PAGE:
Flanagan defends top criminal court over SF claims
JUSTICE Minister Charlie Flanagan has condemned Sinn Féin’s campaign to shut down the Special Criminal Court and its claims that the judges were guilty of an anti-republican bias.
Ideally, the minister said, all serious crime cases should be held before a judge and jury.
But Ireland was in an unique position because of a legacy resulting from the Troubles in Northern Ireland for more than three decades.
Mr Flanagan (inset) described the judges of the Special Criminal Court as courageously performing a public service in presiding over the prosecutions of some of the most dangerous criminals in the State.
He said the court had been deployed in the past to deal with terrorists from the Provisional IRA and dissident groups and was now also hearing cases connected to organised crime.
Mr Flanagan rejected the attempts by Sinn Féin to seek the abolition of the Special Criminal Court and said he was determined that “the bullet will not prevail over the ballot box”.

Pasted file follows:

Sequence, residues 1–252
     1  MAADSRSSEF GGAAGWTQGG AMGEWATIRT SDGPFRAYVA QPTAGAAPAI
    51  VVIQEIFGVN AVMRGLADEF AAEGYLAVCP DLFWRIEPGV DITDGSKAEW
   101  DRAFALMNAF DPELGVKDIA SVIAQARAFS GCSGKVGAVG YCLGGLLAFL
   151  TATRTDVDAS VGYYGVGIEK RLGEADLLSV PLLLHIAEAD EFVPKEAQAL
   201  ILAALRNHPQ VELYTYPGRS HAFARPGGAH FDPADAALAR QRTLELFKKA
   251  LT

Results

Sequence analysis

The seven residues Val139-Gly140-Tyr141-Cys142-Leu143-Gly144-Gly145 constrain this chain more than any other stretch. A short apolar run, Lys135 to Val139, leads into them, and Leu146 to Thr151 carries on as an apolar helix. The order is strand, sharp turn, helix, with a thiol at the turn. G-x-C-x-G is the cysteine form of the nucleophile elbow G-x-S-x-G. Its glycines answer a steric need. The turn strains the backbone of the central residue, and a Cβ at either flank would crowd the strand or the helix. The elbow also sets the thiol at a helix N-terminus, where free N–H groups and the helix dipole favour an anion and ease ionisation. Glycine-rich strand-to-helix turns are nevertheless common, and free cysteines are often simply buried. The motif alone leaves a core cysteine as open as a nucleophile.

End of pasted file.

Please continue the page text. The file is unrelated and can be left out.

While it was true that many Provisional IRA and dissident republican terrorists had been convicted of heinous crimes by the Special Criminal Court over the years, it did not follow that it had an anti-republican bias, Mr Flanagan argued.
The minister pointed out that because of the volume of prosecutions brought by the gardaí, the government had to set up a second Special Court.
This had resulted in the waiting time for cases to be heard being halved to less than a year.
This, he said, underlined the government’s continued focus on tackling serious crime affecting the security of the State and ensuring that those involved in such offences were brought swiftly to justice.
Mr Flanagan said dissident republicans posed the greatest risk to State security and he praised the successes of Garda anti-terror units. Separately, he also noted that a third regional or divisional Garda headquarters had been opened within the past four months at a cost of over €100m.
The minister said this was taking place at a time of major reform and investment, which would redefine the national police service as an organisation.
Mr Flanagan welcomed the immigration facilities included in the new divisional Garda headquarters in Wexford.
With Rosslare Europort nearby, this area handled huge numbers of immigration applications and cases.